Wall Street's Instruments

Fitch: Subprime Price Rally Hits Month Seven

Posted on Thursday, June 30, 2011

Prices on credit default swaps (CDS) involving subprime mortgages more than doubled their increase from last month, extending the rally to an unprecedented seventh straight month, according to the latest index results from Fitch Solutions.
Subprime CDS prices rose 1.7 percent overall, though price increases were not uniform across vintages. The headline index price increase was delivered by the 2007 vintage’s 4.9 percent gain and the 2004 vintage’s 84 basis point gain, the New York-based agency explained.
With the 2007 vintage’s 20.1 percent year-to-date price gain leading the 2011 rally, Fitch says most vintages are in the black for the year. The lone negative outlier is the 2006 vintage which saw a large monthly price decline of 8.4 percent, its second largest of the year following February’s 11.3 percent drop.
“With prices down 16.9 percent overall this year, the 2006 vintage has been the worst performer in 2011,” said David Austerweil, a director at Fitch Solutions. “The 2006 vintage has the dubious distinction of having the highest one-month constant default rate and at the same time the lowest one-month voluntary prepayment rate.”
The one-month constant default rate for the 2006 vintage is at 10.8 percent, while the one-month voluntary prepayment rate is just 0.85 percent.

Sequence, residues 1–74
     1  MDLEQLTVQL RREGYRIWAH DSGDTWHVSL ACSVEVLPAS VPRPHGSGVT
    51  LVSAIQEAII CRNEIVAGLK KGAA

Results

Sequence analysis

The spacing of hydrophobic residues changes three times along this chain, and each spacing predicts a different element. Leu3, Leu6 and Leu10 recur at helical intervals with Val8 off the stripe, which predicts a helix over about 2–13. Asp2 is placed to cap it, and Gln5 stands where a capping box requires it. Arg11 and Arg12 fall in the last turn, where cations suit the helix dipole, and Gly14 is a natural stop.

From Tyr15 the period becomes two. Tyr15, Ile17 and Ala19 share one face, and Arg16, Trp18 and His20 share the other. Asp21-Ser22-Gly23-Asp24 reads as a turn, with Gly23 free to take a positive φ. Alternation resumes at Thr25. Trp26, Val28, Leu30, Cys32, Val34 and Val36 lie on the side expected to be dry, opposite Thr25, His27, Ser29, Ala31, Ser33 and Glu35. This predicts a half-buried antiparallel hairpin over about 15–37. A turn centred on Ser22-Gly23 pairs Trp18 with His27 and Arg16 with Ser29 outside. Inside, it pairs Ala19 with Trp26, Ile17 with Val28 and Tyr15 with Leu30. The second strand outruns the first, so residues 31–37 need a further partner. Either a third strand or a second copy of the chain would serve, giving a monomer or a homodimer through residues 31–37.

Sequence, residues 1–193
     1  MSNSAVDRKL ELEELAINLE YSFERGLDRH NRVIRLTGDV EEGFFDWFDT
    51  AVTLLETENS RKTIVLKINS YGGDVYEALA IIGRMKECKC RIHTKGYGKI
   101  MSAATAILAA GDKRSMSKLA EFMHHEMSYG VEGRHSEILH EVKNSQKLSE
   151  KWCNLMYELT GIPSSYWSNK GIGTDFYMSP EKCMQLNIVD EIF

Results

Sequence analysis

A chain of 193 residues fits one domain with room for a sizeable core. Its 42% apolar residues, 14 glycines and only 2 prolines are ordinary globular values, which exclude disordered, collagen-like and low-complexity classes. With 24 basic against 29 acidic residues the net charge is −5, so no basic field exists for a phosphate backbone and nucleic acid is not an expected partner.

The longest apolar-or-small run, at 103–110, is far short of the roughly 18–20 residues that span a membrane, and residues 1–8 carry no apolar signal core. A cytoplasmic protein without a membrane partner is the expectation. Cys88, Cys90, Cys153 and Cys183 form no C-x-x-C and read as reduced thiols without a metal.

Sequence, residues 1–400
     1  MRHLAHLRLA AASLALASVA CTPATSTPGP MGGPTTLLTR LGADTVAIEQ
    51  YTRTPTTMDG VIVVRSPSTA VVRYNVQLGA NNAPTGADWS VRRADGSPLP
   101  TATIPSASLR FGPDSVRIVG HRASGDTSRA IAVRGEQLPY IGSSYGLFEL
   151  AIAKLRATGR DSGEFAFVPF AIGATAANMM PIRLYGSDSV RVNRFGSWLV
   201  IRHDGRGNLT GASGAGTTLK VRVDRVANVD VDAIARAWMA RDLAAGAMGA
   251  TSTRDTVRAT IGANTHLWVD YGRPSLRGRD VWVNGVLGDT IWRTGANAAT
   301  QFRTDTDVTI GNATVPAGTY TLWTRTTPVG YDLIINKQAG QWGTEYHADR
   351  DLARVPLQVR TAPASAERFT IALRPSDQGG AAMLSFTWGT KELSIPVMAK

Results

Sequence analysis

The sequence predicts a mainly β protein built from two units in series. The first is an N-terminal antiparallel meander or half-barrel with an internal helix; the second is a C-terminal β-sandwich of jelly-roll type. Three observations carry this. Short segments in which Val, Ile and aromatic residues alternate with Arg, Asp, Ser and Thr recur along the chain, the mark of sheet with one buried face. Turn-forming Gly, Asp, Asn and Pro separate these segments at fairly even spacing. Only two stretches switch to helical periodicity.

The 2006 vintage also saw its 60-day delinquency rate increase by 1.6 percent last month, in line with increasing delinquency rates for very vintage.
“The 2006 vintage clearly indicates a high level of credit impairment among mortgage borrowers,” said Austerweil.
Improving subprime loan payment profiles also hit a speed bump this past month. The 30-day delinquency rate increased 4.8 percent, partially reversing the sharp declines of recent months.
“Thirty-day delinquencies are often a clear warning sign of future increases in default rates so this month’s rise should be watched closely,” said Alexander Reyngold, Fitch senior director. “This past month’s rise in 30-day delinquencies coincides with the recent weakening in labor market data.”
Fitch says another area of potential concern is roll rates, which have improved for much of the year. However, May’s remittance data illustrated new weakness in this trend.
Cure rates dropped from an elevated 7.5 percent last month to 5 percent this month, for a 33.3 percent month-over-month decline, Fitch explained. Borrowers who were 30-days delinquent were less likely to become current than in recent months, with 19.4 percent becoming current this month versus 34.3 percent last month.
Fitch says the underperformance of the 2006 vintage cannot be fully explained by its higher default rates. Another area where the 2006 vintage has demonstrated worse performance than peers is in loss severities from REO properties.
The loss severity for REO loans for the 2006 vintage is now at 83.1 percent and increasing, according to Fitch. That compares to the current 79.2 percent loss severity for the 2007 vintage.
In addition, the percent of REO loans is highest for the 2006 vintage at 4.8 percent of outstanding loans versus 3.8 percent for the 2007 vintage.
By: Carrie Bay DS NEWS


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